A recent presentation by someone I respect a great deal discussing community issues: (whole video is 1 hour but very much worth it!)
It has been just over a year since I learned about the site Free Rice. I got addicted, then forgot about it. Now I am reminded of it again and getting readdicted.
Free Rice is fun and feeds the poor around the world. You play educational games and for every answer you get right, rice is donated to feed the hungry. Last night my wife and I had a nerdy good time with world capitals, chemical symbols and famous paintings, and in the process donated some 16,000 grains of rice to feed the hungry. Given that sometimes I get addicted to this kind of nerdy game anyway, it''s nice to be able to feed some people as well.
Do you know the capitals of Uzbekistan and Tajikistan? How about the difference between a Fanz Hals and a Bruegel? Learn math, science, Spanish, French, famous paintings, etc. while helping to feed the hungry. What could be better? read more »
November 15th--L.I.V.E. World Summit 2008
The L.I.V.E. World Summit 2008 will take place at the Millennium Broadway in New York City on Saturday, November 15, 2008, from 8:00am-6:00pm. The L.I.V.E. World Summit offers industry leaders, innovators, social entrepreneurs, and student leaders with an opportunity to focus on solutions to some of the most pressing problems facing America and the world today: climate change and the environment, poverty and sustainable development, economic growth and stability, global health, energy and power, food and water crises, empowering women, and education.
Join SSBx's Executive Director, Miquela Craytor for her panel on Green Development: Best Practices in Sustainability Around the World
Other speakers include:
Alexandra Cousteau, Founder, Blue Legacy; Co-Founder, EarthEcho, National Geographic Emerging Explorer
Bruce Wrobel, Chairman & CEO, Sithe Global; CEO, Seacom and Global Alumina, Founder & Chairman, All for Africa
Connie Duckworth, Founder & President, Arzu, Inc.; Former Partner, Goldman Sachs.
Dina Powell, Managing Director & Global Head of Corporate Engagement Goldman Sachs read more »
I hate it when Mayor Bloombertg does something right. Lucky for me, when, as here, he takes a positive step, he does it in a negative way. So the good news is also the bad news.
As long hinted, Mayor Bloomberg has taken the useful, if somewhat technical, step or implementing for NYC planning purposes a somewhat more realistic definition of “poverty.” Announced by Deputy Mayor Linda Gibbs at the annual convention of the NAACP, the new formula will take into account some actual costs of living unlike the previous standard still used by the Federal Government (a jury-rigged, back-of-the envelope calculation accidentally frozen into federal law). The New York Times account is here , the Washington Post's is here and Gail Robinson's Gotham Gazette squib is here. The result of the Bloomberg rejiggering is that there are now, by NYC count, somewhat more poor people and somewhat fewer extremely poor people. (Why? Because the new model counts as income government benefits such as food stamps and Medicaid)The NY Post's amazing take after the jump.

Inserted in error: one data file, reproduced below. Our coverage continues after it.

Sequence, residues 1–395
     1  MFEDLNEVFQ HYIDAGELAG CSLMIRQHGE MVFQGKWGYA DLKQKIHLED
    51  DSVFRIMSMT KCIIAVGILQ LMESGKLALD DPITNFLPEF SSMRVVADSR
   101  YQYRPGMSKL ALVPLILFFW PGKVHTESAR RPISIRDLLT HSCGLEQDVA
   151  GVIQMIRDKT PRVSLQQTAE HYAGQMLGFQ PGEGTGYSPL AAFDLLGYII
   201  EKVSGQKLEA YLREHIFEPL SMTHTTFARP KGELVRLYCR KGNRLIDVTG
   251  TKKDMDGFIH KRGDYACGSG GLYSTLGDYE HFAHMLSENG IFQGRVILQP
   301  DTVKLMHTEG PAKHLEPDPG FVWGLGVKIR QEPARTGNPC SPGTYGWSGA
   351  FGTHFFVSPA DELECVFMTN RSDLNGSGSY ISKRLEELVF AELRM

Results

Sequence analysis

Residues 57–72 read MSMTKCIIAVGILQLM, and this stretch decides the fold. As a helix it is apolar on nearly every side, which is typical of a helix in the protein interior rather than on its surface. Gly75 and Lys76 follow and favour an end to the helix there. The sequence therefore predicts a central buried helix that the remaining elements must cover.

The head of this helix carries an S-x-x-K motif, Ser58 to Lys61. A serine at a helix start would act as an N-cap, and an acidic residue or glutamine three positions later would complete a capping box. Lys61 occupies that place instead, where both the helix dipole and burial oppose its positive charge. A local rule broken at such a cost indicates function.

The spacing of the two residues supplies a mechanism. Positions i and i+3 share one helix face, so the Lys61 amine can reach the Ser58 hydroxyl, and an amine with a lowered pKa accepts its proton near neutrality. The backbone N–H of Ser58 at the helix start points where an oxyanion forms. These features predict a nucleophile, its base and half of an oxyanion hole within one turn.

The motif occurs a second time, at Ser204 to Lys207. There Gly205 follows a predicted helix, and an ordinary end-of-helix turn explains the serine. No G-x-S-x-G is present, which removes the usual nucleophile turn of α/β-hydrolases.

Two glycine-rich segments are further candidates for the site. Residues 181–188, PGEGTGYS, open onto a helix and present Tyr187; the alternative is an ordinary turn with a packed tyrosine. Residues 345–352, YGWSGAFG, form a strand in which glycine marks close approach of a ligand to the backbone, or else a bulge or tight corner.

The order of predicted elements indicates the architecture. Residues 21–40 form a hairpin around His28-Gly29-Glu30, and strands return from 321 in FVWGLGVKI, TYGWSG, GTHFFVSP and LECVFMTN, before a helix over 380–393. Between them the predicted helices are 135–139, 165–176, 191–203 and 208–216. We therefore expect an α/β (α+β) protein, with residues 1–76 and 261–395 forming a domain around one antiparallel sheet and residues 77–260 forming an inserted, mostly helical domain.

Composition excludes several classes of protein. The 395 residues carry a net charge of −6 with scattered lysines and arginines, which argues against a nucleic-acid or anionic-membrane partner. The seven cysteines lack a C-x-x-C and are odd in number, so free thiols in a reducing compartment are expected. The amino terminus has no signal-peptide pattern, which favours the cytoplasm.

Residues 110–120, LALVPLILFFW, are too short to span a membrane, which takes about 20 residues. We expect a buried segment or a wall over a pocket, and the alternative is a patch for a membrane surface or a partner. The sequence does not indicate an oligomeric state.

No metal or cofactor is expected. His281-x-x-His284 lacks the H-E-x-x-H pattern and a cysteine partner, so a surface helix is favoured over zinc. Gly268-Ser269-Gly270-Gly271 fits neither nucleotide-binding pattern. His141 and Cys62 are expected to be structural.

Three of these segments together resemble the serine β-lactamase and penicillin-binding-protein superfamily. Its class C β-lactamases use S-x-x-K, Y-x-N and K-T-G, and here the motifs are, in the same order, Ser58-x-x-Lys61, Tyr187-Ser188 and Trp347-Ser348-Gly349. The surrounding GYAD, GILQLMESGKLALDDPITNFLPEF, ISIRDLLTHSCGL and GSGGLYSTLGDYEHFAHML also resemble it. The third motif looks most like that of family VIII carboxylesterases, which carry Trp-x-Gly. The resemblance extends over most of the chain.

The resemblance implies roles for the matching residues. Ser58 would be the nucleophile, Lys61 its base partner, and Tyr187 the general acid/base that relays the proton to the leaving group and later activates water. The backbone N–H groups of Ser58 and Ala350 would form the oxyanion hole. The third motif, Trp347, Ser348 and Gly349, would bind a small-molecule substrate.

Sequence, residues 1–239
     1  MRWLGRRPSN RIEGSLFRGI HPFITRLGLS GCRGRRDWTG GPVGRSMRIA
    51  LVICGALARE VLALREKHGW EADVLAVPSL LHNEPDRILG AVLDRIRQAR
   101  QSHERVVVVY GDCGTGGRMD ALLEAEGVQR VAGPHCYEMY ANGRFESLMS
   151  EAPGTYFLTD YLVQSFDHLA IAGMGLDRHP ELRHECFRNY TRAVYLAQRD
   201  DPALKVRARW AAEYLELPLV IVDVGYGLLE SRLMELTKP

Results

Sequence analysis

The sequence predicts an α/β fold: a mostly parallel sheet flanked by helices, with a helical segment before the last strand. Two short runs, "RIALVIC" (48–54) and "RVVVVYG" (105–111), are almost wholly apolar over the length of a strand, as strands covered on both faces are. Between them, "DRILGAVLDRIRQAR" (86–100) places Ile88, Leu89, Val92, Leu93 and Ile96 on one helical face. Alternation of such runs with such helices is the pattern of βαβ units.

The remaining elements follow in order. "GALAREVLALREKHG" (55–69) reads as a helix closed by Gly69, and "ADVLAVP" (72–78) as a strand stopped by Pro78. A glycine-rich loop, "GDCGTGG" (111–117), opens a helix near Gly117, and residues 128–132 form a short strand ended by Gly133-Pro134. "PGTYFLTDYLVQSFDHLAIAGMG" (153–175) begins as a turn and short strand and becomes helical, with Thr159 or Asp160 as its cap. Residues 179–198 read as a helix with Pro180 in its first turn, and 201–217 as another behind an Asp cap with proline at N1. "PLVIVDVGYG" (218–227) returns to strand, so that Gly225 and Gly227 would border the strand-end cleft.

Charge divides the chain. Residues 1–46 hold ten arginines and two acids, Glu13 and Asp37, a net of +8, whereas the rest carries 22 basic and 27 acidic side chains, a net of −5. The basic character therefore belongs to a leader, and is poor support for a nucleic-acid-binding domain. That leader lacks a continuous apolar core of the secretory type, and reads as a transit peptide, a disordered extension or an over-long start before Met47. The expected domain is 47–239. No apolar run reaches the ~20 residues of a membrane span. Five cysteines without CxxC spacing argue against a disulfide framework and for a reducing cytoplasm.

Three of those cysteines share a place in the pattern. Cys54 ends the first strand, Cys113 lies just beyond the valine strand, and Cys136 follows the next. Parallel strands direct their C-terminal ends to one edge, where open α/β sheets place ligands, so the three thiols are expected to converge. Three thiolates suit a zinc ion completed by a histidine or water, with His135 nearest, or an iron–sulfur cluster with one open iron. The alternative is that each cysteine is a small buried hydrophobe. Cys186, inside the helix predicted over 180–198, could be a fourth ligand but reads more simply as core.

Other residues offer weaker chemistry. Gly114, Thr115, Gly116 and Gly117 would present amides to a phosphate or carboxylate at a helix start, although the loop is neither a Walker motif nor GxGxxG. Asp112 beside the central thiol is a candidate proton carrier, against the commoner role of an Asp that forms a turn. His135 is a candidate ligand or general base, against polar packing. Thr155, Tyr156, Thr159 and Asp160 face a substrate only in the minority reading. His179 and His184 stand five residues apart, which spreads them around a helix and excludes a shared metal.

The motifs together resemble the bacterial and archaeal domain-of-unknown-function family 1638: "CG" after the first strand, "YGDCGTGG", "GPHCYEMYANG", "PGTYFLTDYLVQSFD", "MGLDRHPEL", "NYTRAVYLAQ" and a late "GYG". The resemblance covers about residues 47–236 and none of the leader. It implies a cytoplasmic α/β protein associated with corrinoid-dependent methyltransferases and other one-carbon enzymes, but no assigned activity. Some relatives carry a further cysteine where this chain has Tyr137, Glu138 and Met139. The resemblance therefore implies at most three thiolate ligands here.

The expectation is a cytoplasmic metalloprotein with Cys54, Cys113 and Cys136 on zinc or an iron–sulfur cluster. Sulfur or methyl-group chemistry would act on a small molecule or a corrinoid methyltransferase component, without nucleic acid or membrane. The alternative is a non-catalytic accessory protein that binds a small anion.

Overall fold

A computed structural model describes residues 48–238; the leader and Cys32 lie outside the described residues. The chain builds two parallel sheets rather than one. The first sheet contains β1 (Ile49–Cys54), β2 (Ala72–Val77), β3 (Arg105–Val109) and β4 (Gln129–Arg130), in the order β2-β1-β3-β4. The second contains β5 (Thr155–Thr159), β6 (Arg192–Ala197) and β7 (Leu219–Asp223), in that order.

The bad news? read more »
A friend, who counsels food pantry customers, tells me that â€“ as the winter progresses â€“ she has noticed increasing numbers of desperate, hungry and homeless â€œnouveaux poor.â€ They are formerly middle-class and working people who are have become surplus. They bring to mind the powerful Phil Ochs song There But For Fortune because, like many of us, they were just one illness, one job, one drink, one cop from disaster. (To see Phil Ochs sing his song in a time-warp 1967 Bitter End Video click here , or, for a somewhat downtempo take by Peter, Paul & Mary (1982), here.)
In this context, are you disturbed to see Mayor Bloomberg media boosters cranking out copy concerning his miserable skirmish on poverty? Tuesdayâ€™s New York Times, for example, features an editorial Mayor Bloomberg Tackles Poverty praising efforts which, to my mind, are microscopic, half-hearted and feeble. read more »